A Kawaii style image of a shopping cart
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How to carry out a UX shopping study

A UX research technique to uncover how people choose between products online.

David Hamill
12 min readJan 8, 2024


Inner city financial advice firms in the UK should put pictures of their offices on their website.

This is because some customers will use these pictures as a measure of how upmarket and established the firm is. Some people want an established wealthy looking firm with nice offices. While others don’t want to be paying for the upkeep of lovely city centre offices in their fees. Instead they want to see decent offices, that don’t look extremely expensive to run.

One of the reasons I can give this bit of advice, is that I’ve run what I call a shopping study on the subject.

Some offices in central London
Photo by Nick Fewings on Unsplash

In this post I explain how to run one yourself. I use this type of study to observe people doing internet research, on a decision they intend to take. I call it a shopping study because I’m often using it to watch people shopping online.

When I do this, I usually notice a big difference between how people say they use/used the internet and apps to make a decision and how they actually do it in practice.

What is a shopping study?

A shopping study is the name I give to watching people do online research for a specific decision they need to take in real life. If that sounds like contextual observation that’s because it is, to a certain extent. It’s just a little more forced than traditional approaches.

The basic format:

  1. Find people who are in the market for your product or have the job to do that your product helps with
  2. Ask them to do their research while you watch. But don’t give them a specific site or app to use. Instead let them choose what to use and where to go.
  3. Learn about their workflow and needs, based on observing their behaviour.

Why do a shopping study?

There are many situations where a shopping study might help you, but here are the two main ones I use them for:

1. Learning what to provide on a website

What you observe in usability testing sessions will mostly tell you what participants can do with your website and less about what they will do. It mostly helps you spot usability issues to fix.

It also forces participants to solely use your website and this is not how people use websites in real life. In real life, people use the internet rather than a website. In reality, they jump from one website to another and back, sometimes spending only a few seconds on some of them. The websites they encounter are part of a wider experience that few companies spend much effort learning about. If you learn about this wider experience, you can learn:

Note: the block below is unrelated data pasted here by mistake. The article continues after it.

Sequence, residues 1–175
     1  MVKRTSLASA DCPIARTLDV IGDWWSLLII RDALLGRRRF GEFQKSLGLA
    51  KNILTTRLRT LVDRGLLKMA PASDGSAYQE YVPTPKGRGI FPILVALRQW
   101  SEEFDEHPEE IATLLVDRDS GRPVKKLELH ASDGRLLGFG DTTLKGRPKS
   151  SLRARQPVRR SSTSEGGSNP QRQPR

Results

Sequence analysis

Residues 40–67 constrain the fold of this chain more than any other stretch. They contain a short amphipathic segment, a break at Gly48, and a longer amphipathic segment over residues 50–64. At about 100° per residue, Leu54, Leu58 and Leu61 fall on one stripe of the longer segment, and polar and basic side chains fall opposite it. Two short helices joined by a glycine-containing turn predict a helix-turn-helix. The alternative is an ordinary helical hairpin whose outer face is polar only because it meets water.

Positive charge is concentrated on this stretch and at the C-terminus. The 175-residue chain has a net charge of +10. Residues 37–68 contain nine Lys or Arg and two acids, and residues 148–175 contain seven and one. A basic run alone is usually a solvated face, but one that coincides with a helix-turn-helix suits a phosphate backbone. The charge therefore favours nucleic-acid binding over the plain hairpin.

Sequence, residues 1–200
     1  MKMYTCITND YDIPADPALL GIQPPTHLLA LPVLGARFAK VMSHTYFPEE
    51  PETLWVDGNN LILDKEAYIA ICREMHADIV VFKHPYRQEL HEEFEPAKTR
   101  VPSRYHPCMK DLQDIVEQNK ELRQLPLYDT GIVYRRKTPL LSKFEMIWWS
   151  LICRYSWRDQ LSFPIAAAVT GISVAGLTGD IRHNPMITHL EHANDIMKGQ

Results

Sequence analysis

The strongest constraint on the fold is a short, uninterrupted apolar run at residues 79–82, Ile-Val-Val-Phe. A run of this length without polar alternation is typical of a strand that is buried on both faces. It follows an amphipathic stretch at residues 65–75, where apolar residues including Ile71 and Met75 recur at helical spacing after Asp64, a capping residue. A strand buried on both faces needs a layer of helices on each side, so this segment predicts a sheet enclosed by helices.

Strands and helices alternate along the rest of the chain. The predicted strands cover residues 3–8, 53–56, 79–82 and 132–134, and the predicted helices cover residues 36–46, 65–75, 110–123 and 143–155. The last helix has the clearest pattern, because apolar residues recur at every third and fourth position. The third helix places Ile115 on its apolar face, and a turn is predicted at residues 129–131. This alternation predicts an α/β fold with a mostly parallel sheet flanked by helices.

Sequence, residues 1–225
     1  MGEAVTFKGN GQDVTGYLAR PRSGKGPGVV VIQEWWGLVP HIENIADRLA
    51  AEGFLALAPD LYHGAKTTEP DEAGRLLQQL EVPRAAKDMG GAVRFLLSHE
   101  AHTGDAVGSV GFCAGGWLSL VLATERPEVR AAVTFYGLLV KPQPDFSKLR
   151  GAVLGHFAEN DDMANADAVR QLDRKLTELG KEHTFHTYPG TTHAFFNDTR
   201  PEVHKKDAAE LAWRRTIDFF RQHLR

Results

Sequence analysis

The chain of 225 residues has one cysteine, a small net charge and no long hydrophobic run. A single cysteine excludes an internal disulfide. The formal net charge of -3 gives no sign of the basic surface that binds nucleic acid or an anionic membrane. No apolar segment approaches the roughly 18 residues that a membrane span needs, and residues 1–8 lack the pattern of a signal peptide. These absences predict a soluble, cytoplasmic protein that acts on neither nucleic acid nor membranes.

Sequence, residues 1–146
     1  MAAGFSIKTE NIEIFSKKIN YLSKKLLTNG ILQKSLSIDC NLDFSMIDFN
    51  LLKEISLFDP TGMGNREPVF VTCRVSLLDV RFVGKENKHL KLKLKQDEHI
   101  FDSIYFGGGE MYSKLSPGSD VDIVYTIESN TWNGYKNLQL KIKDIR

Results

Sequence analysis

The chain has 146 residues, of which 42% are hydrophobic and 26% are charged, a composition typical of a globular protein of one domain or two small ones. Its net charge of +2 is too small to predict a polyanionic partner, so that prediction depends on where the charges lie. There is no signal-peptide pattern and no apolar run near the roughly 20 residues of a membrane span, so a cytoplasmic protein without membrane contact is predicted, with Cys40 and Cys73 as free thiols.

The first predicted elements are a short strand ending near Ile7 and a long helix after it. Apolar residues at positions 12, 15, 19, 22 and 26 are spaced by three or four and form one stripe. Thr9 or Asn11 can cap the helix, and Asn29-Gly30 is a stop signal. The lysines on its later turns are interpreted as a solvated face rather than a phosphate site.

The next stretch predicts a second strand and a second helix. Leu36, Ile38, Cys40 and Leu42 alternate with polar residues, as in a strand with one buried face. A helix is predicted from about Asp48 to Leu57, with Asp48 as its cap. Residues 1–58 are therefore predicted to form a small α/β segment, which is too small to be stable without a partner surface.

• What content people look for on your website when they are actually in the market for your product.
  • What content/websites work better than others and why.
  • What turns them away from your website and/or others

It basically teaches you how to make your website work better for the people you’re trying to sell to. It also gives you a more realistic view of how small your website is in the bigger picture.

2. Learning about the wider experience outside of your product

When the product you work on, helps with a wider job or task, then it’s helpful to learn about that how that wider job is done. You can ask participants about how they do it, but it’s usually more insightful to watch them do it instead.

At Skyscanner I learned a lot about how people plan travel and how the design of the product could be improved, by watching people plan trips using other websites.

I didn’t really call this a shopping study at the time, but this is when I first started using this approach.

It’s still not real

It’s worth pointing out that while your sessions will often be more authentic than a usability test, they are still going to be forced to some extent. Like every technique, it comes with its limitations and biases.

I like to think of all UX research techniques as giving you clues about what’s really happening, rather than giving you the absolute truth about it.